But what does thinking outside the box really mean?

Raise your hand if you’re tired of hearing the phrase “think outside the box.” Every year, this phrase usually makes the top lists of business speak / jargon / overused things people say in the workplace. I highly doubt it will go away, so maybe it’s useful to define what the phrase actually means.

Most people use this phrase when they want creative ideas.  Last Fall, I took a course called Creativity360 as part of Rice University’s Continuing Studies program. One of the lectures was dedicated to  Creativity and Innovation in the Workplace where Jing Zhou of Rice University discussed how creativity in the workplace is defined as the combination of something new and useful.

But for someone to come up with something new and useful, Jing explained that they have to meet a few criteria.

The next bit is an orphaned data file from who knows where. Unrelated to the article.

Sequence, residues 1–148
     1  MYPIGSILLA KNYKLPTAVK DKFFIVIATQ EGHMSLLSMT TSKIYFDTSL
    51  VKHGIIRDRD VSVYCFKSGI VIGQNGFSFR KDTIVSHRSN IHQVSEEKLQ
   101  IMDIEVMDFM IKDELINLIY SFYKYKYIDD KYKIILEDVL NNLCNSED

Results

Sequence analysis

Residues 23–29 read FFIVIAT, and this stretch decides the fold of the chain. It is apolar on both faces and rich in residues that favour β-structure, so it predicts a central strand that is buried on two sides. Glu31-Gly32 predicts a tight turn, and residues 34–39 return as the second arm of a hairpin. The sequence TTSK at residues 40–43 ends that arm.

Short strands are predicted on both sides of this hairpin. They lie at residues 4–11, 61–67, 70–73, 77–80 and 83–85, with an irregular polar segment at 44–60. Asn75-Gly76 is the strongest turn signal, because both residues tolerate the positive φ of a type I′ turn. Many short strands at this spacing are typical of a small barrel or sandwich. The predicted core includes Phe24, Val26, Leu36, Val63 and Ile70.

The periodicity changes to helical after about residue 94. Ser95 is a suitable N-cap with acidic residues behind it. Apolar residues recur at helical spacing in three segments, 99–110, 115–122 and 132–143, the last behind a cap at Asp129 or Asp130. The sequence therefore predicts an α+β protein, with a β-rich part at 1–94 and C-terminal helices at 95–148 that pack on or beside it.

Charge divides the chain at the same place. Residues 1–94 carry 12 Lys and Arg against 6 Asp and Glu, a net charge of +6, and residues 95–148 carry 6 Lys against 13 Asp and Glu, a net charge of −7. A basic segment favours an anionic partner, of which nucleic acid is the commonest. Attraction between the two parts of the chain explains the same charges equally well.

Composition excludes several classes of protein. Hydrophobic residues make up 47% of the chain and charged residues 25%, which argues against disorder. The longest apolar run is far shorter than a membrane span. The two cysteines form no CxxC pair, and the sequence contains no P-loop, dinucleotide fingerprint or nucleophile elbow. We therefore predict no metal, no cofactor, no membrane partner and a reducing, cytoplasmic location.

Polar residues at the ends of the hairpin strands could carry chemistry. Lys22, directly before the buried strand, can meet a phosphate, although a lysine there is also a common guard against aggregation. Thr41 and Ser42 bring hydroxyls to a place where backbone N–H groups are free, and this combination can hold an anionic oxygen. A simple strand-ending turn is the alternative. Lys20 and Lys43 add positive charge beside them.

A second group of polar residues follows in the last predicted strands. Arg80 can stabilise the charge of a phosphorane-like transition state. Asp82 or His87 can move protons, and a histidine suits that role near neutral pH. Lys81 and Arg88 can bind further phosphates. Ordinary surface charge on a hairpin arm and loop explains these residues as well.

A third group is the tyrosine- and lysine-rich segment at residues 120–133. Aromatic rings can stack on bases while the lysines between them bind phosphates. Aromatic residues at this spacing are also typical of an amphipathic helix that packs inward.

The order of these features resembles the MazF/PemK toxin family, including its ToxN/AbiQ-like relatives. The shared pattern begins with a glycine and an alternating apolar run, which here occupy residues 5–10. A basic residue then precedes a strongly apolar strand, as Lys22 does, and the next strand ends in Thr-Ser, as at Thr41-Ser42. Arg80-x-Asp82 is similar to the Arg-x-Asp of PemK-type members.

1. They have to have a basic understanding of their field. You can’t solve for something you don’t know.
  2. You have to have creative skills.
  3. And you have to have the motivation to solve for whatever it is you are working on.

What I find is that #1 and #3 are pieces of cake for most people, but #2 is where people get hung up, myself included. I believe that everyone is creative and that it’s a skill that can be learned and improved  with practice. So my favorite part of this lecture was the part where we got tips on how to actually “think outside the box.”

And I think that the better phrase is to “drop your assumptions” because that’s what thinking outside the box really means.

What are your underlying assumptions about whatever it is you’re working on? If you remove those assumptions, what can you do? If that assumption wasn’t a thing, what would you want and what could you achieve?

Asking these questions is much more valuable and can apply to much more than just the workplace.

 

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